being simple when you program
I was a novice Java Developer doing a Web API for my startup — with having no clue on coding patterns and designs to build a codebase which can evolve gracefully as it would hit shore after shore of change in the days to come.
To think of the irresponsibility involved, that codebase would definitely tick off every item in a “no-no” checklist of an experienced developer’s mind.
But then, I have hurriedly left my startup some time back. That story ends there.
I joined as a Rails developer involving an early-stage product development.
As I moved from Java to Ruby — I seem to have noticed, absorbed and inculcated a treasure trove of ideologies and mindsets that Ruby community and Object Oriented programming community have been teaching for years.
Interestingly enough, I wasn’t naturally exposed to any of it when I was working with Java — an OO language. Maybe I just did not stumble upon them at all. Just a personal opinion. Please don’t grind any axes. :)
Very prominent among them for me is simplicity in crafting software.
“simplicity is complicated”
This phenomenal talk by Rob Pike, creator of Go was the primary reason that this post is here — i got pushed to condense all the ideas I have come across until now.
Aiming for simplicity in code cutting the cruft will lead to a state of zen in your codebase — a tiny effort required to battle any storm of change that may come tomorrow, because change, as we all know — is the only constant!
Simplicity’s sibling — Orthogonality is that quality that creates reusable pieces and parts of code that solve one thing, and solve it really well and be rock-solid dependable!
Hitting orthogonality in code strikes off ‘O’ in SOLID too — Open/Closed principle. Such a setup is open for adding a new piece and mixing it up with the existing code for extension, but closed as you never need to touch the existing code.
But this orthogonality is hard to get by. So is simplicity.
Adding cruft, bells and whistles to code may become a natural tendency. The elephant in the room to address is to not stare at the code! Instead, it is the mindset of trying to foresee the future getting it done now itself rather than doing what we need today and doing just that really well.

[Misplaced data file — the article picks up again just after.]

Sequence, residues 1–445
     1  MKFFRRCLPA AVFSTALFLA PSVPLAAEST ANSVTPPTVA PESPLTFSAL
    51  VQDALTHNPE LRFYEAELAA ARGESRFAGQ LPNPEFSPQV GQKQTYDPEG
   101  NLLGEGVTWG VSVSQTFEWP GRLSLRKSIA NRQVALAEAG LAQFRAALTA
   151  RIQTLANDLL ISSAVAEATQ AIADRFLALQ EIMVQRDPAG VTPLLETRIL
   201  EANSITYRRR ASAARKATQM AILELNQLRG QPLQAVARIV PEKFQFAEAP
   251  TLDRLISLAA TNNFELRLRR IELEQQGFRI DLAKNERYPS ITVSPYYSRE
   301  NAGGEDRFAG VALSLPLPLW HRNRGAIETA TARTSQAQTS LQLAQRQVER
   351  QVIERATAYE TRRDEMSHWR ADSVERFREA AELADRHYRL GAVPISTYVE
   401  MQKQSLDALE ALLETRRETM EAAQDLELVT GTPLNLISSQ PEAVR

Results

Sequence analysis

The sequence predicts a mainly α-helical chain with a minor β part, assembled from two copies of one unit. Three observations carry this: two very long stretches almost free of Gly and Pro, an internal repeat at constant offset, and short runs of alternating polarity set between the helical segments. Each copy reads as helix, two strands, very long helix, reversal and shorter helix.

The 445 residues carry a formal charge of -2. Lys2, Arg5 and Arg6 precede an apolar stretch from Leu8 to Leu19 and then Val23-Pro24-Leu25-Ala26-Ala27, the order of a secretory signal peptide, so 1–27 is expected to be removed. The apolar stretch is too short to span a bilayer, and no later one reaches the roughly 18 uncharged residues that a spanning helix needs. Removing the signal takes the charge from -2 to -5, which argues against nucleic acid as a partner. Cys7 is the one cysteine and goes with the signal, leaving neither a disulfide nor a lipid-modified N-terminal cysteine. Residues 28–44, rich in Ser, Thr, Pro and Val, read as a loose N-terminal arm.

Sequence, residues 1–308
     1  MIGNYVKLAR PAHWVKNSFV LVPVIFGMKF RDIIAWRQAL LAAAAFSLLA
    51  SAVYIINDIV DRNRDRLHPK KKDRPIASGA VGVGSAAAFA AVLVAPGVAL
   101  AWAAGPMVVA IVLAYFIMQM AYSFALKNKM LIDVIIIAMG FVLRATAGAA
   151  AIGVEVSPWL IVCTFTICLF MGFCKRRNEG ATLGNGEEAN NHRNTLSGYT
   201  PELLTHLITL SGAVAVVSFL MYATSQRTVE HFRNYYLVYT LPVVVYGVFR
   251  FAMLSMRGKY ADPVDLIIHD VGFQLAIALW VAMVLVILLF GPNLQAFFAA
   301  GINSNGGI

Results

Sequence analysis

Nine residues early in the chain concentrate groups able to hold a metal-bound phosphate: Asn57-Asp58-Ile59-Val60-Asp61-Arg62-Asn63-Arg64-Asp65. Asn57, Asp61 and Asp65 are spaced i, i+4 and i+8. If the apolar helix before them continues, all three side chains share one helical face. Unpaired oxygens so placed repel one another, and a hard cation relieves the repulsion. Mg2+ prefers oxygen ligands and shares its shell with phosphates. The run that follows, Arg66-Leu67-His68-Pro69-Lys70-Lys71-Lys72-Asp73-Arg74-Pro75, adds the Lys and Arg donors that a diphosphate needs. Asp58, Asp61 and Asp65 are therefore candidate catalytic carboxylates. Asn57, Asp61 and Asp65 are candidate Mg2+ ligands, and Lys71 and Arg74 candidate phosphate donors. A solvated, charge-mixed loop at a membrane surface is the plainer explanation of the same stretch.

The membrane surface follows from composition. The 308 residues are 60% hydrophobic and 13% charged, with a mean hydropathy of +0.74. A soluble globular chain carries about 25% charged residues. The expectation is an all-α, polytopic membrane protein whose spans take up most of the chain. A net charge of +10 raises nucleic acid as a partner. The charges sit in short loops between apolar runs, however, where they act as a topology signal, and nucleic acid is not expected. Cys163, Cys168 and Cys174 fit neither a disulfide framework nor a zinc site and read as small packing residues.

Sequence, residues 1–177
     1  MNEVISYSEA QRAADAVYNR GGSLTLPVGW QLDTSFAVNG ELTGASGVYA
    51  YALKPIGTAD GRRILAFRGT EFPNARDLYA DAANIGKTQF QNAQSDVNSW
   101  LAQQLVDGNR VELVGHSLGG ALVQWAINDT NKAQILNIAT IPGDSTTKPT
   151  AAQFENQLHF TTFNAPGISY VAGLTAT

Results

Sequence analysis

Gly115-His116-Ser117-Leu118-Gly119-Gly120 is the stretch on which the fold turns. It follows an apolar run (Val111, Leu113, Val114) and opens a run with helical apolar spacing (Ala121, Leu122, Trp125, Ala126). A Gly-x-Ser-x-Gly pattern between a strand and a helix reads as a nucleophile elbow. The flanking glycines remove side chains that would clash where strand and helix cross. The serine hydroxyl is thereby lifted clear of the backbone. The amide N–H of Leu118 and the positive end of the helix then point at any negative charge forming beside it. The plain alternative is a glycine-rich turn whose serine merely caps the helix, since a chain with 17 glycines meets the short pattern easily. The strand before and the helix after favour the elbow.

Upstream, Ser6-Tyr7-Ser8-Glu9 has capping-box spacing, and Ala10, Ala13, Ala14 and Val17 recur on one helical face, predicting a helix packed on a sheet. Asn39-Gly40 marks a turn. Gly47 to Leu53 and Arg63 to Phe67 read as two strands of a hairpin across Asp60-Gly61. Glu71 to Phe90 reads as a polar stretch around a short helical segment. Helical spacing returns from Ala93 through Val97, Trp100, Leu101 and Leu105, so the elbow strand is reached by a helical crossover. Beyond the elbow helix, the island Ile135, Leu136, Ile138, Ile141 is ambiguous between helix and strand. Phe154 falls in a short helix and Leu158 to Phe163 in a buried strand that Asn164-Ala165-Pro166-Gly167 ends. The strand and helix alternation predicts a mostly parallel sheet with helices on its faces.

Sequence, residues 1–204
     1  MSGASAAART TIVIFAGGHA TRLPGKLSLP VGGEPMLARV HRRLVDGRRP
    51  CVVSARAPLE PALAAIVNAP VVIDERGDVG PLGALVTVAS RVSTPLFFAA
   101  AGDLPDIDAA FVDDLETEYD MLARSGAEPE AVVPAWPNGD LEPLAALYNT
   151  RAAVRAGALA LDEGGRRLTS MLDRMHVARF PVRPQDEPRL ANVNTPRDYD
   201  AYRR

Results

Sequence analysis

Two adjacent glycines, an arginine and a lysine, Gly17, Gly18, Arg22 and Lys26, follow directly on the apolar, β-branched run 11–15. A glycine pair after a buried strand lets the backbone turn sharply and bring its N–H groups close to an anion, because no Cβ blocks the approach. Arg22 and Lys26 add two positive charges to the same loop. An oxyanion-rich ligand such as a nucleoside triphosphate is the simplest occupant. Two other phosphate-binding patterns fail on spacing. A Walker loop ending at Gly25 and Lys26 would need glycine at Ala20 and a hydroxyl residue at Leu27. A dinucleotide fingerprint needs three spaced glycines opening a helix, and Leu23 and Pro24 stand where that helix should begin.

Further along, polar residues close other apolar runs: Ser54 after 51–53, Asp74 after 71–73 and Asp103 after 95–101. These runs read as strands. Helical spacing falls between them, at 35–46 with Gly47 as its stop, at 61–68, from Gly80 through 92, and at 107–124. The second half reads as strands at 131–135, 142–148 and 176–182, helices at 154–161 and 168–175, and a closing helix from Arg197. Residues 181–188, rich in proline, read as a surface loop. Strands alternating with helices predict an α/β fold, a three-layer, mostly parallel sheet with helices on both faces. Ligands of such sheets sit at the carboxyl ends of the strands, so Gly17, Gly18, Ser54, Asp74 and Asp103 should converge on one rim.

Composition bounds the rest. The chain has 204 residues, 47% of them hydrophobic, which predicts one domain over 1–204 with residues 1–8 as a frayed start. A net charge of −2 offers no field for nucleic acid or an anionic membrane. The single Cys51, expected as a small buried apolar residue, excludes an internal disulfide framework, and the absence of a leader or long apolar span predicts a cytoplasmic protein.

The mantra to great orthogonality may lie in very good hindsight in separating concerns. This may not be immediately apparent today when you are developing this thing you have at hand. That’s okay. As I will discuss soon, always be refactoring towards it!
It’s a continuum towards orthogonality — not a binary state, and you should know where to stop too avoiding ‘over-engineering’!
simple code is testable
Now an obvious side effect of such a code — with no rabbit holes is that you get to test your code with not much head-banging. Not a lot of mocking, stubbing and data setup needed: since simplicity. Not a lot of expectations to write to test the same piece: since orthogonality.
Converse also applies, if you are doing too much to test something, it is not there yet and it will cause you pain… So go refactor!
“always be refactoring”
Naturally, it leads us to this.
Change is the only constant in software lifecycle and new knowledge today about our product / project will lead us down paths we could have never dreamt of in the past. Top it with the fact that such codebases will thrive out in the world for a long time — witnessing a sea change every passing day!
If one sits at the desk ferreting the change to the code without pragmatically utilizing the new knowledge to the full extent — surely soon we will be left with a towering mess that has so much resistance and threshold energy against the change that has to be bulldozed down. Quite dystopic!
Utilize what you learnt — the new knowledge. Refactoring is a continuum! Only that will lead to maintainable code!
“duplication is better than incorrect abstraction”
Alas a word of caution! This quote from Sandi Metz comes to my mind.
Abstraction hides a complex implementation and gives a layer of clean interface to anyone who wants a task done. Abstraction, just like Orthogonality makes the codebase ready to go down any path in future.
But abstraction made by utilizing less knowledge may be an incorrect one! And will bring down ease of change because an incorrect abstraction will bear the brunt when the spec changes and may need to be torn down as well.
So if you are not convinced that abstraction is required right now, keep the duplicate logic. Just don’t meddle with it yet. Time will come!
Well that’s it for now!